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DOT&E cites need for better AMDR testing model

A Pentagon report recommends the US Navy replace its Air and Missile Defense Radar testing model. (Raytheon)

The US Navy (USN) should replace the testing model of its Air and Missile Defense Radar (AMDR), designated the AN/SPY-6(V)1, according to the Office of the Director, Operational Test and Evaluation (DOT&E) FY 2023 Annual Report, released on 2 February.

The operational assessment (OA) being done on the AN/SPY-6(V)1 used for testing “was not intended to determine operational effectiveness and suitability of the delivered AMDR due to the AN/SPY-6(V)1 at ARDEL [Advanced Radar Detection Laboratory]”, on the Pacific Missile Range Facility, in Kauai, Hawaii, which “uses obsolete T/R [transmit/receive] integrated microwave modules”, the DOT&E reported.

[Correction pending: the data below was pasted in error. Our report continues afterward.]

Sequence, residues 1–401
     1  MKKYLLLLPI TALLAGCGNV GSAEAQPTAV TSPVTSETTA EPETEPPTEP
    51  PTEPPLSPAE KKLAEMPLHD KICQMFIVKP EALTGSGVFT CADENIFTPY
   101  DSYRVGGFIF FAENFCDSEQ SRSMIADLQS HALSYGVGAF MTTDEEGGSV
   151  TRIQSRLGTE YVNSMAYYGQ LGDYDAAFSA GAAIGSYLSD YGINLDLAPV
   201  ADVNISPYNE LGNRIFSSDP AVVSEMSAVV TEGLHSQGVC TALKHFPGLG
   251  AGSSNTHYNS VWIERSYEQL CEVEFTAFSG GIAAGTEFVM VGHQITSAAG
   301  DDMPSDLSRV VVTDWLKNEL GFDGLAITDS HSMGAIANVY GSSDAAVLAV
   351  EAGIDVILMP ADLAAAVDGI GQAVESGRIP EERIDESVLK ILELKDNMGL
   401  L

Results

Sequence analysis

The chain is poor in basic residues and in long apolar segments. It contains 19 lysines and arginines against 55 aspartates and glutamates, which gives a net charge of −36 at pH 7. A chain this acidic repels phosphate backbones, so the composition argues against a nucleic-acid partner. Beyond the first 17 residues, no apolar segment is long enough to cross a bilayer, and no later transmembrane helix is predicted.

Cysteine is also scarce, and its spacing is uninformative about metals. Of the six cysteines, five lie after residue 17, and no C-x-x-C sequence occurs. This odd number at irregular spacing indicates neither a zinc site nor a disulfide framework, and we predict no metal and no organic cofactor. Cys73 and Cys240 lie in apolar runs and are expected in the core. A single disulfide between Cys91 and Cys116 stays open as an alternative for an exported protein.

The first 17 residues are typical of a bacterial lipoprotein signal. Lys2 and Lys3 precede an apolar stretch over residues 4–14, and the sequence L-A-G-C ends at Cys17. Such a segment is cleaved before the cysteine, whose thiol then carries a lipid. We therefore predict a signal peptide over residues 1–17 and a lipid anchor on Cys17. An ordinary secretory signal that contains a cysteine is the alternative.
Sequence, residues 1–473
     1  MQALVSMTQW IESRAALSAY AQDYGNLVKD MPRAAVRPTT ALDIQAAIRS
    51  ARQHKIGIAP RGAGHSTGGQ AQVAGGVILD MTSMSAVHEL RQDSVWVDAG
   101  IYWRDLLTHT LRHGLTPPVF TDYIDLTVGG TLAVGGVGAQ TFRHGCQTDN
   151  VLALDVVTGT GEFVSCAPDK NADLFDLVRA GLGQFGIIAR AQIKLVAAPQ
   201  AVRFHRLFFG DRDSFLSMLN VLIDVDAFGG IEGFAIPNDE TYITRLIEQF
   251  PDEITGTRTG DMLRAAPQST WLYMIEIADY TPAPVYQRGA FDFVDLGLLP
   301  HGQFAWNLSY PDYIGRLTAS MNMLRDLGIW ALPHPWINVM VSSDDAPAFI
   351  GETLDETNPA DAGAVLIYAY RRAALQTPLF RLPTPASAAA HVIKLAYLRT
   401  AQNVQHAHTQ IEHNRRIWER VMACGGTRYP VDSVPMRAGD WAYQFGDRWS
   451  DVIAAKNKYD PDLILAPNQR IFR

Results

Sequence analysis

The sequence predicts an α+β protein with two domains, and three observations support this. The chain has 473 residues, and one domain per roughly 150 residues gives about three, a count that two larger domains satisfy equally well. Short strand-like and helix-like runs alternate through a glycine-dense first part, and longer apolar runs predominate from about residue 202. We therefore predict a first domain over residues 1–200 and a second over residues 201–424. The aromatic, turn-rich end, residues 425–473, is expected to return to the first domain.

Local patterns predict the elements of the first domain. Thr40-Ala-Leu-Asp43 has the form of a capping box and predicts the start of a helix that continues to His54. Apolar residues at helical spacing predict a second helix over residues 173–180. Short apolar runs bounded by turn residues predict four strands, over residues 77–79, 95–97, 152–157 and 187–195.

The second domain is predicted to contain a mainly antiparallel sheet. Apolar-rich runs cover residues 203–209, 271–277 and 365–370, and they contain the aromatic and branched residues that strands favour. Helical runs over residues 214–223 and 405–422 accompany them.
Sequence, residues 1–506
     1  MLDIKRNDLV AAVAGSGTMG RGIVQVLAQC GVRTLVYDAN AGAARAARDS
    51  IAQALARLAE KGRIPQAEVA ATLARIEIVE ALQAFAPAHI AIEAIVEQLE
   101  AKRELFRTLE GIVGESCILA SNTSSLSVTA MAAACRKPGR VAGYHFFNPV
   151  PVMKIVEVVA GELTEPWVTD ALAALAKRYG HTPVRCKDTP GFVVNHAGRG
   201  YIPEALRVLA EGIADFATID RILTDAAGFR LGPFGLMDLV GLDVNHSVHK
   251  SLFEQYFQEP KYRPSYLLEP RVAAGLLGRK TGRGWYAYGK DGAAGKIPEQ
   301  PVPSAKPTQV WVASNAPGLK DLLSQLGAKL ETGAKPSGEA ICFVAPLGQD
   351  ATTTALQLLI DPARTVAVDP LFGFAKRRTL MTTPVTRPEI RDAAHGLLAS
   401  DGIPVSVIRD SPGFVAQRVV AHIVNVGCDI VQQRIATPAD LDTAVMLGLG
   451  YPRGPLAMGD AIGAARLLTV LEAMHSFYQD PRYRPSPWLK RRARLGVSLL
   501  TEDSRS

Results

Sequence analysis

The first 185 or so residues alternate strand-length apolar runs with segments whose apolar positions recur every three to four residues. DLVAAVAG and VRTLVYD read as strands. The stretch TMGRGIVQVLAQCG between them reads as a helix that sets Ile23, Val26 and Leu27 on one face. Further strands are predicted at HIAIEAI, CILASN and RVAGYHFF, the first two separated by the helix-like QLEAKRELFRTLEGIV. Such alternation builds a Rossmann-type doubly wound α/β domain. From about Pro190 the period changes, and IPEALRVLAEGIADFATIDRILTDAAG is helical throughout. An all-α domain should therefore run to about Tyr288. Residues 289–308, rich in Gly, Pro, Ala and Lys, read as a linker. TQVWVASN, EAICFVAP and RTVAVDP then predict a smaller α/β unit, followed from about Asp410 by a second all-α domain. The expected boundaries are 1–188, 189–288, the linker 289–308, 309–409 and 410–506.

“The AN/SPY-6(V)1 is an EDM [engineering development model] version that is in a degraded state and requires upgrade to provide representative performance,” the DOT&E said. “The AN/SPY-6(V)1 was adequate to support OA objectives but will not be adequate for IOT&E [Initial Operational Test and Evaluation].”

The advanced nature of the AN/SPY-6(V)1 necessitates an up-to-date testing model, according to the DOT&E report.

“AN/SPY-6 uses a radar modular assembly (RMA) as a building block for the radar's antenna,” the DOT&E reported. “Each individual RMA is a self-contained radar antenna built from a set of active transmit/receive digital modules that are electronically scanned. Each RMA block can integrate with other RMA blocks to create antenna assemblies of various size and capability. The large number of T/R modules provides a high degree of fault tolerance through antenna redundancy and graceful degradation.”

However, the current testing EDM “uses obsolete T/R Integrated Microwave Modules from that of the delivered system”.

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